With “Dollhouse,” the first episode of Season 2, American Horror Stories tells viewers that it is still difficult to establish its own entity. Last names that refer to AHS Universe relations (AHSU?) can be amusing, but they’re nothing new. American Horror Storylines, on the other hand, appears to be relying too heavily on its predecessor since it isn’t confident enough in its stories.
Even if it happens at the last minute, “Dollhouse” unfortunately falls into this category. Mr. Van Wilt, played by the inimitable Denis O’Hare, kidnaps Kristine Froseth’s Coby Dellum (who threw those letters together to form a name). By showing us exactly what is happening, when, and why, American Horror Stories undermines the audience’s intelligence in a subtle but notable way. There are no hints to decode because they’re explained to us as soon as they’re introduced.
The fact that Coby needs to be taught these things since she’s the newcomer is understandable. But rather than “fear for our life,” it comes across as more like reading from cue cards. The performance by the “dolls” more than makes up for the awkward screenplay. To be clear, most recent and even classic scare fests insist on providing their characters (who make it out alive) a happily ever after.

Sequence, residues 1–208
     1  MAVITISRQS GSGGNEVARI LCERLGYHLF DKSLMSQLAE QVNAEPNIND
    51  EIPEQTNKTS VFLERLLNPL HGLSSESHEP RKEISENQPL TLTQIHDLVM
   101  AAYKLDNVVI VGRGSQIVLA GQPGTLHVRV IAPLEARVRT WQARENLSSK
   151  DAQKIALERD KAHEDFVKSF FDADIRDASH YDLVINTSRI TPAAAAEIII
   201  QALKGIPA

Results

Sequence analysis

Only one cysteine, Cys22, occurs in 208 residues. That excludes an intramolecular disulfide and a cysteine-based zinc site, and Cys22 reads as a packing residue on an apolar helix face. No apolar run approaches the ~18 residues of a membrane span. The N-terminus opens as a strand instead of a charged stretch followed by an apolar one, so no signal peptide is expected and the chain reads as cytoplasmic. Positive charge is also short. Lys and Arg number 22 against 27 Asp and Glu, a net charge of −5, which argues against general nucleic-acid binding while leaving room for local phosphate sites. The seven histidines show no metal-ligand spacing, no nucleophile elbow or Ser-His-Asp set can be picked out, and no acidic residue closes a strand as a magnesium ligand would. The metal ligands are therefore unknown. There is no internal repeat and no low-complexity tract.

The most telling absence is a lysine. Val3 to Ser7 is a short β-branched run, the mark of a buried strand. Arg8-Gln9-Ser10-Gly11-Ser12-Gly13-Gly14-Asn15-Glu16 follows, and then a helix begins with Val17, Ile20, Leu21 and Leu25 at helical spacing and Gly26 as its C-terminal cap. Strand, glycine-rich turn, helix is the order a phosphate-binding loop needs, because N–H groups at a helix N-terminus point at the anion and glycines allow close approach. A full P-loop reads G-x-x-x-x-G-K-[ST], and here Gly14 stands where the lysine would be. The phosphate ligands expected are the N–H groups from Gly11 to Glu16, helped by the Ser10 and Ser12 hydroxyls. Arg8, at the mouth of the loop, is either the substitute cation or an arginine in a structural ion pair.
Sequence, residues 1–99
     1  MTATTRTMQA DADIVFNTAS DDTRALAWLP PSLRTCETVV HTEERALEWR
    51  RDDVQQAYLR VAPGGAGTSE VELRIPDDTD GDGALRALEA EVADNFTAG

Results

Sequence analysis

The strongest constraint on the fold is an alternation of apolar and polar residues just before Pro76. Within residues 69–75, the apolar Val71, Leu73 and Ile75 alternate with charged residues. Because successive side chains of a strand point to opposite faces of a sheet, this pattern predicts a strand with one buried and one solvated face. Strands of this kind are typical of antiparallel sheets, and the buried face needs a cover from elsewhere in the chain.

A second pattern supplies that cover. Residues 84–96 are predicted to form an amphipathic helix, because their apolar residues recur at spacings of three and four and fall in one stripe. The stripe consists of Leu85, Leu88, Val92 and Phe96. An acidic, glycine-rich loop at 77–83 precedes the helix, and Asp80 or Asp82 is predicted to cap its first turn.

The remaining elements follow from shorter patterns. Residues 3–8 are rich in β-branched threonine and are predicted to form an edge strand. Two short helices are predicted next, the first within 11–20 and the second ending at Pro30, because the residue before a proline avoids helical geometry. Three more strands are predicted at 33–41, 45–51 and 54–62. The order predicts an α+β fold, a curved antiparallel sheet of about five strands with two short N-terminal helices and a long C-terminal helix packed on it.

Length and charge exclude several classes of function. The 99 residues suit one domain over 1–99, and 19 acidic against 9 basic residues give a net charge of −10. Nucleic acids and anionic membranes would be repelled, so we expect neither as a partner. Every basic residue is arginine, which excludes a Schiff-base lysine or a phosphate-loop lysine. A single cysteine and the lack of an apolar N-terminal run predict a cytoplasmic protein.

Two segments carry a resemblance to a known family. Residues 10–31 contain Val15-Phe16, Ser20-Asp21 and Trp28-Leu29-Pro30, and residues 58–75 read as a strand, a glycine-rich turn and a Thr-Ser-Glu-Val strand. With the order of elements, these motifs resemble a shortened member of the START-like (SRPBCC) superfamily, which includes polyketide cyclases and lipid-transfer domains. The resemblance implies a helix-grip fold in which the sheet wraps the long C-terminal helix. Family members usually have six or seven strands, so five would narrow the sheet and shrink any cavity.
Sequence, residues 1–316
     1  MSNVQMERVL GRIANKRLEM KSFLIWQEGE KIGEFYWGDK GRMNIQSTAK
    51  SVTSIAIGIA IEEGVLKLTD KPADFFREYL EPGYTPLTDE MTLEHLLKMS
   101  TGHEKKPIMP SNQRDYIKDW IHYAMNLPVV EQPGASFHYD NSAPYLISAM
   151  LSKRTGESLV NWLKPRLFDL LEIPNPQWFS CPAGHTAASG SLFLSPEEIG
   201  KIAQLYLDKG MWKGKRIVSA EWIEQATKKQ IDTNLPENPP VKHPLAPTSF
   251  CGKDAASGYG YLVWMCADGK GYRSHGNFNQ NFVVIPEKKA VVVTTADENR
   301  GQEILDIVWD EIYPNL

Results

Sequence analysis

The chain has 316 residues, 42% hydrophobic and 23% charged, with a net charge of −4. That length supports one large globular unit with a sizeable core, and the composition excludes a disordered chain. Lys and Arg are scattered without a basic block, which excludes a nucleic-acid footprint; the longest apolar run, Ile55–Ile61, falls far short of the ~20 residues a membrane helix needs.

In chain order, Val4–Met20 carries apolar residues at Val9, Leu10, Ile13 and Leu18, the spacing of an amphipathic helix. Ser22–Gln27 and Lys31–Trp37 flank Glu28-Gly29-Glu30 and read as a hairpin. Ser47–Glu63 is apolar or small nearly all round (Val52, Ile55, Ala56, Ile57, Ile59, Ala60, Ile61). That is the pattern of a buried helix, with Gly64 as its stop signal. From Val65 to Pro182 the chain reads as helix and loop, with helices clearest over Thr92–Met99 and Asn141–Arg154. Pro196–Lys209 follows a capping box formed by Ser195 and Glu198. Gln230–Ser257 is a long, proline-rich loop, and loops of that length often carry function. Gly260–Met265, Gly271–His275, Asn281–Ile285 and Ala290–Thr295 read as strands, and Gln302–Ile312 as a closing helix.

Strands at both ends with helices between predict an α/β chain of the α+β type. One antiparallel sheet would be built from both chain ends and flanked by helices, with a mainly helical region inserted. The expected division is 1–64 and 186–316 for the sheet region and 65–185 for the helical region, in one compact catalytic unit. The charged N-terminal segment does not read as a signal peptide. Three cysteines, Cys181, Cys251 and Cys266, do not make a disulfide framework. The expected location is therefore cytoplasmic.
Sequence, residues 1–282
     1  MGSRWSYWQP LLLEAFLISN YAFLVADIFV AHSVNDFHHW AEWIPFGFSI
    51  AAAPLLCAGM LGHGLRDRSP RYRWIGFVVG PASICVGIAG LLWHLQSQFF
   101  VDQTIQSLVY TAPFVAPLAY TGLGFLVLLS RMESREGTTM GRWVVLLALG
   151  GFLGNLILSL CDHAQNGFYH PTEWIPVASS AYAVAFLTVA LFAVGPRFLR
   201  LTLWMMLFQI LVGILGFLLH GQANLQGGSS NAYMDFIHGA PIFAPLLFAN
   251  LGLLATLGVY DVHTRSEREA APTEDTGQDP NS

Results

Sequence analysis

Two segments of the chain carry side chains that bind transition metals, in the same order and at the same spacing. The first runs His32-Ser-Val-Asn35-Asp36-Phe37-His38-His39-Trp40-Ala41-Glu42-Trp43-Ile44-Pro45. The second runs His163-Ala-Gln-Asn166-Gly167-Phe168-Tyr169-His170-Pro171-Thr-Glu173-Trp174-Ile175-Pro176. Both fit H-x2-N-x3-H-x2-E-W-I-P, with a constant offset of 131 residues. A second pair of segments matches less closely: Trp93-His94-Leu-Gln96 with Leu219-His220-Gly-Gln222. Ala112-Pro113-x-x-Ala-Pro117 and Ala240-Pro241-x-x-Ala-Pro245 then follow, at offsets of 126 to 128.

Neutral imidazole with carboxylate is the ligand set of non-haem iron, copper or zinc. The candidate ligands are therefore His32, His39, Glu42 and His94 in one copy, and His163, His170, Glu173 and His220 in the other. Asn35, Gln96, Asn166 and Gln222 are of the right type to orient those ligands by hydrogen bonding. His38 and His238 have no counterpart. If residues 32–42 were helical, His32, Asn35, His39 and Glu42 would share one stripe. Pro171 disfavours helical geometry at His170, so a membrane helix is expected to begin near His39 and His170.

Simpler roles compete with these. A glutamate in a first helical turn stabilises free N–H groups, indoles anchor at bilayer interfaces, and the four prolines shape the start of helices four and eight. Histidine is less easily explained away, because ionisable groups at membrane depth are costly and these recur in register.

That’s wonderful! Unless, of course, it isn’t. These pleasant endings don’t feel deserved at this time, especially with American Horror Story and its spinoff.
To be fair, I am still trying to reconcile seeing a woman so stupid (yet compassionate) as to go back for the murderer’s child. Despite the fact that she is saved by witches from — you guessed it! — Miss Robicheaux’s Academy, it comes with an eye roll because, of course, Coby is saved, and of course, it is by witches. Not that the tale is horrible; after all, American Horror Stories has always been marketed as an offshoot of the main series.
The only way this isn’t just rewriting Coven is if they keep enabling tales to be resolved and events and locations to be surrounded by their previous work. One positive aspect of each of these shows is that it doesn’t rely solely upon pre-existing settings and people for their success. American Horror Stories has ceased to exist as a stand-alone show and has become fully reliant on the original American Horror Story.
It’s a disappointment because while the tie-ins can be entertaining, I’d much rather have seen some new material.